Featured image of post Content-Security-Policy – HTTP header to increase user security against XSS attacks

Content-Security-Policy – HTTP header to increase user security against XSS attacks

Much has already been written about the Content-Security-Policy header. Therefore, this article is a simple introduction with many links to external sources. I will also touch on the implementation in three different ways and some practical tips. There will also be a short note at the end for those working with React.js

Table of contents

The photo illustrating the article is from Unsplash and was taken by Scott Webb.


Content-Security-Policy (CSP) is a header that is placed either in the response from the server or in the head section using the meta tag. It is used to protect and reduce the scope of a potential XSS (Cross Site Scripts) attack. It allows us to determine from where our browser can download all sorts of resources for our site that we consider safe. Thus, we limit the possibility of downloading harmful elements from external domains.

You can find configuration details, among other things, on the Mozilla Developer Network site (Content Security Policy (CSP) - HTTP), Microsoftu (in this case for Blazor technology) Enforce a Content Security Policy for ASP.NET Core Blazor. You can also find an interesting discussion in English in the article Content-Security-Policy(CSP) with .Net Core and in Polish in the article Czym jest Content Security Policy?.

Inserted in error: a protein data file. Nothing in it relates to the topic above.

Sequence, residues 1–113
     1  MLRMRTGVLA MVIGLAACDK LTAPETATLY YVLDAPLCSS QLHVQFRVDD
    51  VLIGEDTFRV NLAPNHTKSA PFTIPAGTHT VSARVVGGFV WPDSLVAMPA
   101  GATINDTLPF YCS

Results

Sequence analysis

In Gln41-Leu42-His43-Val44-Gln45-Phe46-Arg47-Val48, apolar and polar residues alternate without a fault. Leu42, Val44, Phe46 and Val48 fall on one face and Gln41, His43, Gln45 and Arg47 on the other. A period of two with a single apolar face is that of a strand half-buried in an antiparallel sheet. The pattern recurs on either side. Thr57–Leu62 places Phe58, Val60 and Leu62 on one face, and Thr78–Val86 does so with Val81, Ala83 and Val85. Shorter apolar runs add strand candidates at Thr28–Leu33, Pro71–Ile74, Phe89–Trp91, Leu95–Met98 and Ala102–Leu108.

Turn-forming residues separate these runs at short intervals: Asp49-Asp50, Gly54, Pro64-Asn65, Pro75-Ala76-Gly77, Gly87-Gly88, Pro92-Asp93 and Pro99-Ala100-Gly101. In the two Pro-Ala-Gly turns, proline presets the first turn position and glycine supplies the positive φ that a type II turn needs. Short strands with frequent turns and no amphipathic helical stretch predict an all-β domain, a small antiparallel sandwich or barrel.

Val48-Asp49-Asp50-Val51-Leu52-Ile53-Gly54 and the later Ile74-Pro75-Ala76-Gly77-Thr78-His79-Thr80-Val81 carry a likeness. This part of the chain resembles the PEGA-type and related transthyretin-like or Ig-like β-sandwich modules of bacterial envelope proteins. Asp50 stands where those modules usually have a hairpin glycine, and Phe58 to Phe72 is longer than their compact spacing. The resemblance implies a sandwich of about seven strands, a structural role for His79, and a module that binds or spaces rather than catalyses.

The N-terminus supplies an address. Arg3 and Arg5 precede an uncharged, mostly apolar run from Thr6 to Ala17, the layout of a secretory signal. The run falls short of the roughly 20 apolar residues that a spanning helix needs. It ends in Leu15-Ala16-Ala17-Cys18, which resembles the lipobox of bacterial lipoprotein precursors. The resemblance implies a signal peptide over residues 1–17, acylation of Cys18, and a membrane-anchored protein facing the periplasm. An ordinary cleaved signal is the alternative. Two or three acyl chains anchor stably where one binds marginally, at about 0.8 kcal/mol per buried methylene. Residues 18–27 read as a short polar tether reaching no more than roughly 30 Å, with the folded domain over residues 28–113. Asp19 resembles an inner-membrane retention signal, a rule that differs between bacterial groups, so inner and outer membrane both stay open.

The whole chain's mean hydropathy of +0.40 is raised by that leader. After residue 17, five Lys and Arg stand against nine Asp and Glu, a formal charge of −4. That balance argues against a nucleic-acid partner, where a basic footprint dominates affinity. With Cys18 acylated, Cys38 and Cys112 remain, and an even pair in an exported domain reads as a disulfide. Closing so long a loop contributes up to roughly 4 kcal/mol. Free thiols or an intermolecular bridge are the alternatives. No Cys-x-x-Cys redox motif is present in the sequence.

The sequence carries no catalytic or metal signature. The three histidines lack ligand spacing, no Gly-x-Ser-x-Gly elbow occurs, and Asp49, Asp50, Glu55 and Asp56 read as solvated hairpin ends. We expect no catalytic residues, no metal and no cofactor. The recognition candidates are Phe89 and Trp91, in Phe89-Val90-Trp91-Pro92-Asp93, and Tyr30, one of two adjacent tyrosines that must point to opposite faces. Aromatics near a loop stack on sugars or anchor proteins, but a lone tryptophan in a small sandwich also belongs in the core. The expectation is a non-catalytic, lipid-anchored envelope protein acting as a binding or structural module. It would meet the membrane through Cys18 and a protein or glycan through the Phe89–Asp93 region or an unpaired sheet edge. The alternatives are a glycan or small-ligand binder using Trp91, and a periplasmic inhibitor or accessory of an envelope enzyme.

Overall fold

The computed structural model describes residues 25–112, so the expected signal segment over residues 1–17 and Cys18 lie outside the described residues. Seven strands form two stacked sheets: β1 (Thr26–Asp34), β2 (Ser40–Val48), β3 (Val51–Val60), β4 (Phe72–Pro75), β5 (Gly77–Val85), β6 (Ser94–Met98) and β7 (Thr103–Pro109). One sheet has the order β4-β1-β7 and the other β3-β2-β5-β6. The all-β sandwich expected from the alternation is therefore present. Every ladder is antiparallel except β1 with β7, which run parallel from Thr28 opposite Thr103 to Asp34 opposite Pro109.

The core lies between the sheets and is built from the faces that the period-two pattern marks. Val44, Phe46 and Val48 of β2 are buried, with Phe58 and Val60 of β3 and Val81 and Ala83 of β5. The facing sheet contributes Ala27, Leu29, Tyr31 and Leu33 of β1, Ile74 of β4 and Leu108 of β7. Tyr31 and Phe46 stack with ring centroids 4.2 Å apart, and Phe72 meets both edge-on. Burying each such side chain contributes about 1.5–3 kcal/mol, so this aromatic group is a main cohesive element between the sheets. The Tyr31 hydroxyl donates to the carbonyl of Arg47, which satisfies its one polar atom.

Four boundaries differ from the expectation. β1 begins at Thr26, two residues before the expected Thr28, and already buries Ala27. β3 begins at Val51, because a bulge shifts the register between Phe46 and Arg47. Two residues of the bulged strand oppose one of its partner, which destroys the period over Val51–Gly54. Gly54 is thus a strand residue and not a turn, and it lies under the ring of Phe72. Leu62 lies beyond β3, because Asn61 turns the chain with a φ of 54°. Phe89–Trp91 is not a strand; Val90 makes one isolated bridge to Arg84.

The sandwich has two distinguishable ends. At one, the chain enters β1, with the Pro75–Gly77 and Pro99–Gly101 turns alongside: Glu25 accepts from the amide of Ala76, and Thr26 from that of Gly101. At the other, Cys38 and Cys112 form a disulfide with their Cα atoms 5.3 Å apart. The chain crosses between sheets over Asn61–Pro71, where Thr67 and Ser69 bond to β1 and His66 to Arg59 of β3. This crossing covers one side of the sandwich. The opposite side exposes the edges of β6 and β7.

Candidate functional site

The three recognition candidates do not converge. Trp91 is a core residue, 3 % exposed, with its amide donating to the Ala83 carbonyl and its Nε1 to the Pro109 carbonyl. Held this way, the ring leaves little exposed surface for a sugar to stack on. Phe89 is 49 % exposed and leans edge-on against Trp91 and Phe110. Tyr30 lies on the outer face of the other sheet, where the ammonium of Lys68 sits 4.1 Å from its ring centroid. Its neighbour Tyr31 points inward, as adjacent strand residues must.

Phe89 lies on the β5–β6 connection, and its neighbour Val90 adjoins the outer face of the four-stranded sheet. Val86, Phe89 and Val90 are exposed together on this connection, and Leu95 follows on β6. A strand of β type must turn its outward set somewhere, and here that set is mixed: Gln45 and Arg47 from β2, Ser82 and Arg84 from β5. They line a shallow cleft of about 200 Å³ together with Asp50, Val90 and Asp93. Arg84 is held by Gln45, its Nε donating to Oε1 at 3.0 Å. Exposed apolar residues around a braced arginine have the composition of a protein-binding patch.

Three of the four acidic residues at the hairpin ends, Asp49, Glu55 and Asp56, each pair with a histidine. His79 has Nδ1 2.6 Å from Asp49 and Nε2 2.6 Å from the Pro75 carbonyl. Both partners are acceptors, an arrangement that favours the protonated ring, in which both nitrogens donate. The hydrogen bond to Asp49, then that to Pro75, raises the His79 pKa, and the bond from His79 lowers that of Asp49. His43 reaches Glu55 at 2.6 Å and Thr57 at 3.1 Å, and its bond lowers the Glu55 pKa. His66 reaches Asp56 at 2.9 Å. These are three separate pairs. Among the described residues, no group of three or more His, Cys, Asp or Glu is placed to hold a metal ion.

Remember that the default browser settings allow us to download scripts, CSS styles, images and more from anywhere on the web, which does not keep us safe in case of an XSS attack.

Examples of implementation

We can add a header in many different ways, including:


In the head section of the index.html file:

Example of inserting CSP policies in the header of an HTML page.
    <meta http-equiv="Content-Security-Policy" content="default-src 'self';">

In server response, below as middleware for ASP.Net Core. More information, for example, here: Is CSP (Content Security Policy) activated by default in .net core 3.1?.

Middleware layer for ASP.Net Core adding CSP header
app.Use(async (ctx, next) =>
    ctx.Response.Headers.Add("Content-Security-Policy", "default-src 'self';");
    await next();
Internet Information Services (IIS)

Using the Web.config file when using IIS. More, among other things, here: Config your IIS server to use the "Content-Security-Policy" header:

Przykład dodania polityki CSP w pliku web.config
            <add name="Content-Security-Policy" value="default-src 'self';" />

Basic configuration

The examples cited above limit downloading to only the domain we connected to initially (e.g. zaprogramujtoraz.pl) and exclude sub-domains. This prevents images from being downloaded, among other things, from subdomain.zaprogramujtoraz.pl. This is the preferred behavior, which we should start from by making exceptions, for example by constructing Content-Security-Policy: default-src 'self' subdomain.zaprogramujtoraz.pl; or when we trust the whole domain, we can use a wildcard expression '*': *.zaprogramujtoraz.pl.

The complete list of items we can configure can be found here: Content-Security-Policy - HTTP. The ones I’ve seen most often are:

  • default-src - default behavior, for unconfigured elements,

  • script-src - specifies the sources for JavaScript,